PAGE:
My blog post on Friday about Apple's "HTML Showcase", which neither used a lot of actual HTML5, nor seemed to promote HTML5 as a cross-browser standard (it even requires QuickTime, apparently), received quite a bit of attention.
Even though the blog post was written as a response to questions about why Opera and other browsers couldn't show the demos, it partially ended up as a discussion about the viability of HTML5 as a cross-browser solution! That was not my intention, nor do I believe that it was Apple's intention to send that message with their "HTML5 Showcase". I am confident that HTML5 is not only future-proof, but also a necessary step in the evolution of the web. …
But we cannot ignore the reality of things: It seems that HTML5 has taken a blow among some people. Instead of promoting HTML5, Apple's "HTML5 Showcase" may have unwittingly strengthened Flash's position in the market, and raised questions among some people (whether these questions are justifiable or not):
Since Apple saw the need block other browsers, does that mean that HTML5 is lacking when it comes to cross-browser support?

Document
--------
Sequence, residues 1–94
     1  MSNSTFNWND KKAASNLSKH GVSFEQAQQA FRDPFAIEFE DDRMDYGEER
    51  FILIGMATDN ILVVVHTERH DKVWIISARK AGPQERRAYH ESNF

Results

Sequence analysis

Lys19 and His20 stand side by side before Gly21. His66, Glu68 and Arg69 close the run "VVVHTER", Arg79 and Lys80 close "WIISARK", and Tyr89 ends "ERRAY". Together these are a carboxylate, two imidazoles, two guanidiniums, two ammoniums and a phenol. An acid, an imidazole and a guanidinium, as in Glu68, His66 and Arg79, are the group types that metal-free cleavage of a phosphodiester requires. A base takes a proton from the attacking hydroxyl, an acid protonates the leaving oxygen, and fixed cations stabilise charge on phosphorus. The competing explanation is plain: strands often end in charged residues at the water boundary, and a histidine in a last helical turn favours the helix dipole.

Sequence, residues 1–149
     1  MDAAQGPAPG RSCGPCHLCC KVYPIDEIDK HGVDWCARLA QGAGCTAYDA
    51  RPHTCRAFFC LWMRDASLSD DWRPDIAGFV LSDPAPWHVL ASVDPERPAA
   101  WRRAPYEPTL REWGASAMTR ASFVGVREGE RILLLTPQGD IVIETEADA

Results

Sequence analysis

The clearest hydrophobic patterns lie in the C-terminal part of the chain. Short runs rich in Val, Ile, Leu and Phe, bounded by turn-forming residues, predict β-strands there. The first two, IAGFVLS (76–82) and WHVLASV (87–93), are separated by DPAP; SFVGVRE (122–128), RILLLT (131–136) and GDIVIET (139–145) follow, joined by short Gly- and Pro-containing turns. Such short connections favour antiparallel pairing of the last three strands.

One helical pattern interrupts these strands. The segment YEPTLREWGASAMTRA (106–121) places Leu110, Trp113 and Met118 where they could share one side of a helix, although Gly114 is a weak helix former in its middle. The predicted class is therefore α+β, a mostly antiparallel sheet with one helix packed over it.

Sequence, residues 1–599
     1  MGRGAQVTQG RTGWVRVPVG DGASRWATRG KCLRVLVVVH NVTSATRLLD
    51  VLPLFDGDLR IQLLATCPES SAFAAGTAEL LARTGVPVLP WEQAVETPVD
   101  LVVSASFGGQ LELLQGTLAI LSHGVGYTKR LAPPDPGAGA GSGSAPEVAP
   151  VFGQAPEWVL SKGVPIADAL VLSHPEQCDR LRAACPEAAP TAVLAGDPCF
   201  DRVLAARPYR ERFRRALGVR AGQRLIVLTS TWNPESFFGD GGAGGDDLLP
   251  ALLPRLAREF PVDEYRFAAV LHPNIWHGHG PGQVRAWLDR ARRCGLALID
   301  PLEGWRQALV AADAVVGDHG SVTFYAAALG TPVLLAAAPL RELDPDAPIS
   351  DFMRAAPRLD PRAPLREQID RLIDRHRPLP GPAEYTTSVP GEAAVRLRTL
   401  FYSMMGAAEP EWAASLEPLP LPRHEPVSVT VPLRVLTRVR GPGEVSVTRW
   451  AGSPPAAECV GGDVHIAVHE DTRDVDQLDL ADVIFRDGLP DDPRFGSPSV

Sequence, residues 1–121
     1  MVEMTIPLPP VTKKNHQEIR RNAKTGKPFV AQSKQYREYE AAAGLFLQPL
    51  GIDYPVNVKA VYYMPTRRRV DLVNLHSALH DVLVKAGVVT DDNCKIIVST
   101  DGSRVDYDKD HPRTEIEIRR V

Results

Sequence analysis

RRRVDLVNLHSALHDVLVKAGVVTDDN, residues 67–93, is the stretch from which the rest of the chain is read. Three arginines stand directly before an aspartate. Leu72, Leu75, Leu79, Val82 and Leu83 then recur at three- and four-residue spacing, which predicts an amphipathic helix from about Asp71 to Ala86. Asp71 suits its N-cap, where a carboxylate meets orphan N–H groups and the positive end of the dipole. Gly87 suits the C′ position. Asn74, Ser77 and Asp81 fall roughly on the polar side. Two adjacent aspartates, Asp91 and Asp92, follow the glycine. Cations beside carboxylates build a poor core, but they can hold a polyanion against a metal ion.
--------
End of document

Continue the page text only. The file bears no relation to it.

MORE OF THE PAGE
Since Apple had to resort to mostly using anything but HTML5 to promote HTML5, does that mean that HTML5 is severely lacking?
My response, of course, is a resounding NO! HTML5 is here to stay, and it has support from all the major browser vendors. They are all working together to ensure that HTML5 works well across all browsers and platforms.
But Apple's "showcase" was indeed seen by some as a lack of confidence in HTML5 as a future-proof technology as well as a cross-browser delivery platform. As one Adobe employee put it (like myself, he likely speaks on behalf of himself rather than his employer): "A Web standards demo that doesn't work across browsers reminds me of lame, counterproductive Flash Player demos."
Apple did receive a lot of criticism across the web (perhaps one of the most scathing by Mozilla's Christopher Blizzard in his "intellectual honesty and html5" where he also takes Google to to task), and maybe it can serve as a lesson and reminder for everyone: Let's not try to promote HTML5 by making it a walled garden.
And let's not reduce HTML5 to a meaningless buzzword.
Note: If you want to know what HTML5 actually is beyond a misused buzzword, take a look at the Wikipedia article on HTML5 (note that CSS3 is not HTML5!). You can also read the HTML5 specification to learn more about the scope of HTML5.